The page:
|An artist's representation of amyloid protein plaques in the brain. It looks a bit like a background panel from a Steve Ditko Doctor Strange yarn.|
by John Gever
MedPage Today Senior Editor
Aug. 7, 2012
In the wake of another negative trial with the anti-amyloid drug bapineuzumab, Pfizer and Janssen said they were halting development of the product for mild to moderate Alzheimer's disease.
All ongoing studies with the drug, a monoclonal antibody intended to break up beta amyloid protein plaques, will be discontinued, according to a statement released by Pfizer. This includes extension studies of previous randomized trials.
The decision came after a placebo-controlled phase III trial led by Janssen, known as Study 301, failed to meet its coprimary endpoints involving cognitive and functional performance in patients without the APOE4 genotype.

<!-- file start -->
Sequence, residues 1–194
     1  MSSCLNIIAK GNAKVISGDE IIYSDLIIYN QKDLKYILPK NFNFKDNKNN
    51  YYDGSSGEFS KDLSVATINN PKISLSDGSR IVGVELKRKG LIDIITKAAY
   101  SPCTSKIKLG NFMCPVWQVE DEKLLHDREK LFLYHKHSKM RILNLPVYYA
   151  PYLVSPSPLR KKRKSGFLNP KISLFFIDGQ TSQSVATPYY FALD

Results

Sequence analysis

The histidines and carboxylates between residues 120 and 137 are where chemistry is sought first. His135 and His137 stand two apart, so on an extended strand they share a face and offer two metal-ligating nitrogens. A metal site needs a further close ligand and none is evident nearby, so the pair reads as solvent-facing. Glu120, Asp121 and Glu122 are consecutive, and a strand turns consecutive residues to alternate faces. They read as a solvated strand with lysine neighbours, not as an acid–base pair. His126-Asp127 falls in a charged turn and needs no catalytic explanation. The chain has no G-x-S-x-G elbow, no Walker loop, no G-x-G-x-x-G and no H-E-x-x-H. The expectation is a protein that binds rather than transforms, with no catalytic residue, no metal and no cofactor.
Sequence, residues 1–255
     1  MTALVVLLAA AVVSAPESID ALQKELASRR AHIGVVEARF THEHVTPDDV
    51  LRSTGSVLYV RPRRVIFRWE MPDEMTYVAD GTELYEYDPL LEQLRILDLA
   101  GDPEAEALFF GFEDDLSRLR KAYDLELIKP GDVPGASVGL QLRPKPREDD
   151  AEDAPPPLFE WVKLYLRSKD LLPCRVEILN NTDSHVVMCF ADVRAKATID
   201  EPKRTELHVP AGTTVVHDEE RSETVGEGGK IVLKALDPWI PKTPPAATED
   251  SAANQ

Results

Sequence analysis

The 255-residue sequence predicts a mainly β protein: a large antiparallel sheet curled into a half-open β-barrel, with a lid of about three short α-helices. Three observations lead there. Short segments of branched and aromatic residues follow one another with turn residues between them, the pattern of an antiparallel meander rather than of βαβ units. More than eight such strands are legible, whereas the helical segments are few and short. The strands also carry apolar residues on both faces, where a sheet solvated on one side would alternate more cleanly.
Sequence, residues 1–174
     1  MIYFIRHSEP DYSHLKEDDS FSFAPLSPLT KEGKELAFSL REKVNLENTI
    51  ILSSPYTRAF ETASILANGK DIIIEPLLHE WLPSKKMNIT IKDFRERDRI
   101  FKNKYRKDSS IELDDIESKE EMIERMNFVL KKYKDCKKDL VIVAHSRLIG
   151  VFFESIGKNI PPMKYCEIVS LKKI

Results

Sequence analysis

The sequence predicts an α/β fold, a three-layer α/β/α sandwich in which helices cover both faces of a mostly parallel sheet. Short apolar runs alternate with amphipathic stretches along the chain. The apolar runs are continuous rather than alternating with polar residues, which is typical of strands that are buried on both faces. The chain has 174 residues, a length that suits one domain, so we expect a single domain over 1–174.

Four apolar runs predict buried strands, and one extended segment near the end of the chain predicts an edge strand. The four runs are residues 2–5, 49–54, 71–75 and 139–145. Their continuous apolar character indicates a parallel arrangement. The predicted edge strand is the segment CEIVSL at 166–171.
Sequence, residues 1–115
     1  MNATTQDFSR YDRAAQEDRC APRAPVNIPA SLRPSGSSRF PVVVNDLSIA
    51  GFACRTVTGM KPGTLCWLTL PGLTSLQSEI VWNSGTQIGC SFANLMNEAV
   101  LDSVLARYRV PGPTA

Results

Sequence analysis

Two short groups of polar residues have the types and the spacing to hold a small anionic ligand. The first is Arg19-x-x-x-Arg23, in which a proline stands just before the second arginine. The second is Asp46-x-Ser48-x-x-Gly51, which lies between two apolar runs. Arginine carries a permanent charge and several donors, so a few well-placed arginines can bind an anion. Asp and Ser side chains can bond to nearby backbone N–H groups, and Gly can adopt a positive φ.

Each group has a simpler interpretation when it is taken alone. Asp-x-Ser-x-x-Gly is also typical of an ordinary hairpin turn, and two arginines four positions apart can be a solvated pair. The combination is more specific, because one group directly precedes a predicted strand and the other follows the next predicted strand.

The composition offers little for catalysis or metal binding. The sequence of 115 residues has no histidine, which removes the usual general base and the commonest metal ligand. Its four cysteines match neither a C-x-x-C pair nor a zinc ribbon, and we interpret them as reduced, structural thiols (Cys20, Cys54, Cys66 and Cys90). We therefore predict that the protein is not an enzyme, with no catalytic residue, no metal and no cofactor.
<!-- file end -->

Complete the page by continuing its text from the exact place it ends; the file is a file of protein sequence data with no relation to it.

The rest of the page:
Read this story on www.medpagetoday.com.
In late July, the companies said a companion trial called Study 302 also failed to meet its main endpoints. The 302 trial had enrolled only patients with the APOE4 genotype.
However, the firms' statement left the door open for developing the drug for preclinical Alzheimer's disease, which many researchers believe is a more appropriate target anyway for anti-amyloid drugs. Pfizer and Janssen stopped short of saying that all development efforts would be terminated.
By the time symptoms develop, these scientists reason, the progression of cognitive decline may be too advanced to be affected by halting or reversing accumulation of beta amyloid plaques. Recent imaging studies with amyloid-specific tracers have indicated that plaques develop long before symptoms appear.
Other anti-amyloid strategies have also yielded disappointing results in clinical trials involving patients with established Alzheimer's disease.
Pfizer said results of both studies would be presented at a European neurology meeting in September.